or moral or intellectual presupposition, nothing but acceptance.
In this passage Tillich found the words to convey a liberating human
experience that should be more frequent than it is, the moment not of
rueful self-acceptance, but of joyful self-acceptance, almost of love of
We are well aware today of the deeps and twists in our nature. There
is, for instance, the scapegoat phenomenon or what psychologists call
'projective identification' which, if undetected and un-admitted, can be
so deadly. There is an ugly example of it in the film American Beauty
in the person of the tough, manly, fascist American Marine Captain who
lives next door to the Kevin Spacey character.
It is obvious that the tightly-coiled soldier is a deeply conflicted
person, whose self-hatred shows itself in violence towards his son and
contempt of anything approaching liberal or hippie values. His son is
supplying the Spacey character with the happy weed marijuana, but the
captain thinks their relationship is sexual. Persuaded that Spacey is gay,
he makes a pass at him and is gently rebuffed. Unable to live with the
truth that has just been revealed, he kills the man he has just tried to
make love to. He kills in his neighbour what he cannot live with in his
Homophobia is not the only example of this phenomenon, but it is an
extremely powerful one, particularly in religious institutions. There is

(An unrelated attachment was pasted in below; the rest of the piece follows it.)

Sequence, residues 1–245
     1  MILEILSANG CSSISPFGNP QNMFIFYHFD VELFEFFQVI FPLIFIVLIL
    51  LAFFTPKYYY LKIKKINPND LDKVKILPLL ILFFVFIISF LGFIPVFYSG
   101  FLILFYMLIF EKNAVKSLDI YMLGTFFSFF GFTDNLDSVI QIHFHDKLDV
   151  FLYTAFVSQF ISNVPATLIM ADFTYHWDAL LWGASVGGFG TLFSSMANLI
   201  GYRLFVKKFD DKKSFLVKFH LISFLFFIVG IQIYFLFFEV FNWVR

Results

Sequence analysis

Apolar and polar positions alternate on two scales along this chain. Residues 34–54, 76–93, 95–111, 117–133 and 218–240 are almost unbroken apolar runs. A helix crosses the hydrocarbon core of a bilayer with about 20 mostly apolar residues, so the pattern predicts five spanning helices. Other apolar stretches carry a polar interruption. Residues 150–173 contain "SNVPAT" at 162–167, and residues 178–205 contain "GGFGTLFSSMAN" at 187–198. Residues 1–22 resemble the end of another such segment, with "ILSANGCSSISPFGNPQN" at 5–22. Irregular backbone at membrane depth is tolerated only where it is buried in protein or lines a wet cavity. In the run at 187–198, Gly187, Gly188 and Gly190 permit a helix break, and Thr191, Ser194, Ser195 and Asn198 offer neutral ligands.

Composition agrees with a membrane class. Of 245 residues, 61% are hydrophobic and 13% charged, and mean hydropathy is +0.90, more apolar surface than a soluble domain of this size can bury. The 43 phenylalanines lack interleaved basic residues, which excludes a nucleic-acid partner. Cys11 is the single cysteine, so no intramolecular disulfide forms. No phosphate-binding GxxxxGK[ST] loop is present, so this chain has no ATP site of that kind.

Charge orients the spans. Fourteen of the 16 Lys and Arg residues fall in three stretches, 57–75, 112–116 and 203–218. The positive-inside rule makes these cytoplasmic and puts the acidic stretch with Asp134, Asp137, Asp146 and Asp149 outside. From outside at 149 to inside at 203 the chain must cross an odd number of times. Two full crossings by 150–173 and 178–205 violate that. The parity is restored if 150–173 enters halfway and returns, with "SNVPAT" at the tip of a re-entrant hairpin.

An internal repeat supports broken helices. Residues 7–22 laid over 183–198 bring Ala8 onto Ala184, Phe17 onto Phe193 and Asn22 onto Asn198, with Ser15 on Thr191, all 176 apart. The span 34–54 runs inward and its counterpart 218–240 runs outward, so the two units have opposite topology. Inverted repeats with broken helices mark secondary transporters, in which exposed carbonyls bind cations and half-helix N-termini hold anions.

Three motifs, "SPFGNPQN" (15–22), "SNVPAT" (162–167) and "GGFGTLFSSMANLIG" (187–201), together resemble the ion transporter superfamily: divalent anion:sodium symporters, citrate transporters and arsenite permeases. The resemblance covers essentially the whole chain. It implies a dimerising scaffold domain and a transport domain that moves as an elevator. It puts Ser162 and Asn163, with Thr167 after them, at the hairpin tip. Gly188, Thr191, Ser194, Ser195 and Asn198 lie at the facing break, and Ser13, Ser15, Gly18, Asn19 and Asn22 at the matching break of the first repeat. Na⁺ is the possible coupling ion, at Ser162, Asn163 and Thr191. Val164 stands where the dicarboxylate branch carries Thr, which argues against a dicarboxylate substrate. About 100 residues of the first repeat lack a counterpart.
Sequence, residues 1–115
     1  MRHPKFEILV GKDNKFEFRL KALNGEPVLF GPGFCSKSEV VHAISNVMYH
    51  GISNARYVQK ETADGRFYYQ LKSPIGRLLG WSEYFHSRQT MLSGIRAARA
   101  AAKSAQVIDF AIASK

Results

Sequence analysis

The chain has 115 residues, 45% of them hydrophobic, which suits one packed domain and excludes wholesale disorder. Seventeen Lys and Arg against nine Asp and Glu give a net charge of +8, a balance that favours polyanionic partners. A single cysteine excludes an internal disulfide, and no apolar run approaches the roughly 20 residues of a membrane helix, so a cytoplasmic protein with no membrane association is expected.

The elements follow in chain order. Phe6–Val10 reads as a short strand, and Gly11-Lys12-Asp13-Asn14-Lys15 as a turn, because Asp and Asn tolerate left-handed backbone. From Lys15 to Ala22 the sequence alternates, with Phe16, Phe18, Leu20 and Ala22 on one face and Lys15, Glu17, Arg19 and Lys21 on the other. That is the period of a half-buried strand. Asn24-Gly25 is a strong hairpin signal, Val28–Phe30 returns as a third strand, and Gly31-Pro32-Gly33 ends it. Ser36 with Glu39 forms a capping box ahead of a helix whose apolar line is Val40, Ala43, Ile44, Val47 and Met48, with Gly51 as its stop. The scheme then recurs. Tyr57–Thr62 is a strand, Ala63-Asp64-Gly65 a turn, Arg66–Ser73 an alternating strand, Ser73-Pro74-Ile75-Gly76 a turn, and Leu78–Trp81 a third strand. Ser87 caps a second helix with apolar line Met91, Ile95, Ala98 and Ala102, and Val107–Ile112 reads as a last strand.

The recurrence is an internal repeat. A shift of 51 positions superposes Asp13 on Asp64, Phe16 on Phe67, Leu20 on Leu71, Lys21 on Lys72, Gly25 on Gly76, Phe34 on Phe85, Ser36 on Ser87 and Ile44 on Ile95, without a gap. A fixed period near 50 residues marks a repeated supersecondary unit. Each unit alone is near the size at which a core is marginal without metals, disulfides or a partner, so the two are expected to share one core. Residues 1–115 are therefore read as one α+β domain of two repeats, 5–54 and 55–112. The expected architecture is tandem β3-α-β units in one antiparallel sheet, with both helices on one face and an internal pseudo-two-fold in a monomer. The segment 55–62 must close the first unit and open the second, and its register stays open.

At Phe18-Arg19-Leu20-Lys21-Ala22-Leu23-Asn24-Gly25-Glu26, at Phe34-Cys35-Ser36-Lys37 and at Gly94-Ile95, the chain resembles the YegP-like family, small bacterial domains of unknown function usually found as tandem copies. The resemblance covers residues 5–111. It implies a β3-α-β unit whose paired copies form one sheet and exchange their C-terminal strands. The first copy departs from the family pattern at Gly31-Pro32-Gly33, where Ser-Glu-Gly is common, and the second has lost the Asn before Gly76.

no sadder figure in Christianity than the self-hating gay priest, often
allied to reactionary movements that stand for virulent opposition to
everything he himself longs for, but refuses to admit.
One of the most disfiguring aspects of the Church of England at the
moment is the way its gay brigade has become, with many honourable
exceptions, captive to this kind of inversion.
During the campaign for the ordination of women in the Episcopal Church
of the US a close alliance developed between the women's movement and the
campaign for gay and lesbian liberation. It was acknowledged that human
liberation was indivisible and had to be accepted in total. Self-owning
and self-respecting gay men had no difficulty in making alliances with
other groups who were victims of prejudice.
That did not happen in England, where one of the groups most virulently
opposed to women's emancipation was the closeted gay fraternity, many of
whom are allied to reactionary movements such as 'Forward in Faith'.
Divided within themselves, they lead painfully unjustified lives.
Justification or grace comes when we fully acknowledge who and what we
are. We say the words to ourselves that define our condition, beyond all
denial and dishonesty, just as we will one day have to say "Yes" to our
own dying, another human reality that provokes panic and flight.
There is, I think, an important distinction to be made here.
The moment of grace or justification is a moment of self-acceptance,
though not necessarily of everything that we have done. We may have done
terrible things and there will be a time when we have to come to terms
with that. For the moment, however, it is ourselves we must accept
unconditionally: 'This is who I am and I must say Yes to myself'.
We have to act towards ourselves like the insanely loving father in the
Parable of the Prodigal Son, which is a story of grace and justification.
We can still hope and pray that one day we might change and be all the